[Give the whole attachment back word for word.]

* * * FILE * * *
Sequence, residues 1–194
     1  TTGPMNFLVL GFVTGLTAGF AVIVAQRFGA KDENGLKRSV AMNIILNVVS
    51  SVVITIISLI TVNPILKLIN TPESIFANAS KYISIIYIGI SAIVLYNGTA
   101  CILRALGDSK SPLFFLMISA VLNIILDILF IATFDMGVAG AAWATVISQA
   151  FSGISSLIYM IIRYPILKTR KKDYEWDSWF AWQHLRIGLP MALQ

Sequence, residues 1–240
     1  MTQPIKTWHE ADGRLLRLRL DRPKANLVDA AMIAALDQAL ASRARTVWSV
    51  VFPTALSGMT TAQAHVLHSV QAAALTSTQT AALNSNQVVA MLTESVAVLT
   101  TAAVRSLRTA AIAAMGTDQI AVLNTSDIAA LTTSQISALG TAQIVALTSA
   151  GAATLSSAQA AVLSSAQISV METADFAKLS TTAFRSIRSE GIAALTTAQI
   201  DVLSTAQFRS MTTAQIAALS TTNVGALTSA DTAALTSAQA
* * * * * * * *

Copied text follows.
Sequence, residues 1–194
     1  TTGPMNFLVL GFVTGLTAGF AVIVAQRFGA KDENGLKRSV AMNIILNVVS
    51  SVVITIISLI TVNPILKLIN TPESIFANAS KYISIIYIGI SAIVLYNGTA
   101  CILRALGDSK SPLFFLMISA VLNIILDILF IATFDMGVAG AAWATVISQA
   151  FSGISSLIYM IIRYPILKTR KKDYEWDSWF AWQHLRIGLP MALQ

Sequence, residues 1–240
     1  MTQPIKTWHE ADGRLLRLRL DRPKANLVDA AMIAALDQAL ASRARTVWSV
    51  VFPTALSGMT TAQAHVLHSV QAAALTSTQT AALNSNQVVA MLTESVAVLT
   101  TAAVRSLRTA AIAAMGTDQI AVLNTSDIAA LTTSQISALG TAQIVALTSA
   151  GAATLSSAQA AVLSSAQISV METADFAKLS TTAFRSIRSE GIAALTTAQI
   201  DVLSTAQFRS MTTAQIAALS TTNVGALTSA DTAALTSAQA